Type 1 diabetes and COVID-19: Going back to school

August 17, 2020 

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As students across Canada get ready to head back to school—some after nearly 6 months of being away—parents have many questions. The first is usually, “Is it safe to send my child back to school during this pandemic?”

Here are some things to consider when making a decision about sending your child with type 1 diabetes (T1D) back to school.

  • The situation in your community: The risk ofillness in schools depends to a large extent on how much virus is in a community. Your local public health authority is the best source of this information that can help you decide what the overall risk of illness is for all students.
  • The protocols your school has in place: Preventing students and school staff from getting the virus in the first place is the top priority. How is your school ensuring they are following public health guidance to create safer spaces?
  • Risk of your child getting sick: Type 1 diabetes is an autoimmune condition. This is not the same as being immune suppressed or immuno-compromised, which increases risk of COVID-19. Children with well-controlled type 1 diabetes face the same risk of getting COVID-19 as their peers without T1D. If children with T1D do get the virus, they are not at a higher risk of complications. But any virus may cause blood sugars to be higher, so proper sick day management is essential.
  • How you feel about the risk of illness: During a pandemic, there are many things we can do to reduce our chances of getting sick. But as long as the virus is in a community, there will always be some risk. Everyone feels differently about risk. Ask yourself whether you would be comfortable sending your child to school if they did not have type 1 diabetes.
  • The risk of serious illness and death: Children with COVID-19 infections have rarely become sick enough to be admitted to hospital. In fact, the chance of a child being hospitalized with COVID-19 maybe lower than it is for influenza, a virus that occurs in the community each year.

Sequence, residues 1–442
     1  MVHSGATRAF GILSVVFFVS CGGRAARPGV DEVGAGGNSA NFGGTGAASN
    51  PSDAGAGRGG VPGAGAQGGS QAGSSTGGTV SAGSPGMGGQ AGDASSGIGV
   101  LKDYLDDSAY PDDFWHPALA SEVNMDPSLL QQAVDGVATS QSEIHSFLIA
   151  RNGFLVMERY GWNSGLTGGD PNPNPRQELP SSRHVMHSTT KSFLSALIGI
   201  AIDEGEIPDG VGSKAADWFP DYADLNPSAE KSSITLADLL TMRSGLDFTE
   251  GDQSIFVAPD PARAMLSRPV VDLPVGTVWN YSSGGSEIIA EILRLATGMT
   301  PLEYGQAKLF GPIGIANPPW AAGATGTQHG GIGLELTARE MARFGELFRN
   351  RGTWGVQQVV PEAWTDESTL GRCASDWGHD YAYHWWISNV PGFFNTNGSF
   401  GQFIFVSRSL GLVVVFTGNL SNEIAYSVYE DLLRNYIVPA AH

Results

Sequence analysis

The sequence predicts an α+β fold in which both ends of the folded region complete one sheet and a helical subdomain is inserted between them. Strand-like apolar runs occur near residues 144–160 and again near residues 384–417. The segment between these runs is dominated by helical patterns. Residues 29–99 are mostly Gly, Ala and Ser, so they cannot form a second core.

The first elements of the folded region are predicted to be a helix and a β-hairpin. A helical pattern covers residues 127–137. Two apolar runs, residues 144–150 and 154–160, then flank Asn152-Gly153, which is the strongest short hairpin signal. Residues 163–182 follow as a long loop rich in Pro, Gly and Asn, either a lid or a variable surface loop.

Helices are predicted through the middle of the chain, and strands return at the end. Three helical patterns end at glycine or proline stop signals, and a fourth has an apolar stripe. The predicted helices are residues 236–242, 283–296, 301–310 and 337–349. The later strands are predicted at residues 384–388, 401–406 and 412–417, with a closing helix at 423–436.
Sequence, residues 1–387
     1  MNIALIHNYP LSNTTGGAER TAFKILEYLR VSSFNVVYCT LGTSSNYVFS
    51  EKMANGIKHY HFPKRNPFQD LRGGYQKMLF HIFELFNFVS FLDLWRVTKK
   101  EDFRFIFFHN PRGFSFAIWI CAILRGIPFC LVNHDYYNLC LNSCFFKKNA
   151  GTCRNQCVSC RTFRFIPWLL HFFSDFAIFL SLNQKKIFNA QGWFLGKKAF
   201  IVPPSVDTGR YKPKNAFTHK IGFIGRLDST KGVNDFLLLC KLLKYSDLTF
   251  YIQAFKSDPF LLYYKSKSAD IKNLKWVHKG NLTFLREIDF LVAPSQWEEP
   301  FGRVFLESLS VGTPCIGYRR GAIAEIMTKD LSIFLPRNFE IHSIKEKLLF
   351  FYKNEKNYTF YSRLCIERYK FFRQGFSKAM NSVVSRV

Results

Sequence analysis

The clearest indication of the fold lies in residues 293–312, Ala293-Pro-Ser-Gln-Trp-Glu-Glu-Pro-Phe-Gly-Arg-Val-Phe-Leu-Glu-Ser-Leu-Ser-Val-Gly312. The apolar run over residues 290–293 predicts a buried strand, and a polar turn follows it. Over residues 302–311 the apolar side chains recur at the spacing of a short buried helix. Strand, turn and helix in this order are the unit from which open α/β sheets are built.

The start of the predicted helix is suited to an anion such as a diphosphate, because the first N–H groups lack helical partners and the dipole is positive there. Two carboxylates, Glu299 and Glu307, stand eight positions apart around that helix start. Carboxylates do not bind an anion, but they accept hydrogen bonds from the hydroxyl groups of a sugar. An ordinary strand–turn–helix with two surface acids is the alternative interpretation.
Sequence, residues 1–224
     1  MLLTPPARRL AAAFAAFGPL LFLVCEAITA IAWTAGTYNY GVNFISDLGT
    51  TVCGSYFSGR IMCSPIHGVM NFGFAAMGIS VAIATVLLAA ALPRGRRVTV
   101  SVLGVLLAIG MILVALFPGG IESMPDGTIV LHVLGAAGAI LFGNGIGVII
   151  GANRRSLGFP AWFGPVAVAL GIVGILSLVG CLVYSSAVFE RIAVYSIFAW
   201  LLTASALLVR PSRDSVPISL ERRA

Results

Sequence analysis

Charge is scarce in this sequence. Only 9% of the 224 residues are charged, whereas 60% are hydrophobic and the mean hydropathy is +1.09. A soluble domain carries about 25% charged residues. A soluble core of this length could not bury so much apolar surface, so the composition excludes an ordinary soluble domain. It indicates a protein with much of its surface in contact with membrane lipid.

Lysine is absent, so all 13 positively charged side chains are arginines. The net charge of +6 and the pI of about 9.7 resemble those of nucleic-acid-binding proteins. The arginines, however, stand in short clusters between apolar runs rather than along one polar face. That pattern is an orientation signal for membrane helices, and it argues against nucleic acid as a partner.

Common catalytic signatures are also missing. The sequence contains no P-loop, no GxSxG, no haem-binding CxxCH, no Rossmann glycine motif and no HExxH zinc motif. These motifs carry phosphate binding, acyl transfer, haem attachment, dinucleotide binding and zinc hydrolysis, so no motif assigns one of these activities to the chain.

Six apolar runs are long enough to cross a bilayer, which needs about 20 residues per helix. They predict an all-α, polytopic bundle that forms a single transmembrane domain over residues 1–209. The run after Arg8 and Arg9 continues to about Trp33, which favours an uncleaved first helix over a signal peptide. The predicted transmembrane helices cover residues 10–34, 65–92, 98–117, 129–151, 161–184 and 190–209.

• Your child’s overall health and well-being: The long and unexpected school closures, along with other restrictions on activities and socializing, may affect children’s physical, social, and emotional well-being. When deciding whether to choose remote learning or inperson schooling, think about how your child has done over the past few months.
  • Supports for your child with diabetes: Students with diabetes have the right to be safe, supported, and included at school. A global pandemic does not change this. Will your child be well supported in managing their day-to-day diabetes tasks?

 

Key Points

Type 1 diabetes is an “auto-immune” disorder. This does not mean that people with T1D have a weakened immune system. Children with well-controlled T1D are
not at an increased risk of getting COVID or of more severe COVID illness. Many factors will go into the decision about returning to school, including local conditions, your family situation, your child’s learning style and temperament, and so on. While each family’s situation is different, type 1 diabetes alone should not be considered a medical reason to delay return to school or work. Consider whether your child will receive the supports they need to help manage their diabetes during the school day.

 

Are children with type 1 diabetes at higher risk of contracting coronavirus?

You may have heard that people with diabetes are at higher risk of developing complications from COVID-19. This is based on information about adults, mostly with type 2 diabetes and not youth with type 1 diabetes. While we lack specific evidence about type 1 diabetes and COVID-19, leading medical experts say that children (and adults under 65 years) with well-managed type 1 diabetes are NOT at increased risk of contracting COVID-19 or developing serious complications from it.

 

How do I keep my child with type 1 diabetes safe at school?

Take steps to prevent getting coronavirus

When it comes to keeping students safe from COVID-19, all Canadian schools should have measures in place to help stop the spread of the virus. These will vary depending on what part of the country you are in and what is happening with infection rates in your community. Some ways that schools are helping to reduce the risk of COVID-19 include:

  • Smaller class sizes or cohorting (keeping small groups of students together for the day)
  • Frequent handwashing and/or hand sanitizing
  • Enhanced cleaning and disinfecting of schools, especially surfaces that are frequently touched
  • Physical distancing
  • Wearing masks or cloth face coverings
  • Changes to school schedules or other school-day routines
  • Not sharing personal or school-owned items like supplies or musical instruments
  • Limiting the number of people coming into the school
  • Reducing other high-contact situations, such as bus transportation (by driving, walking or cycling to school)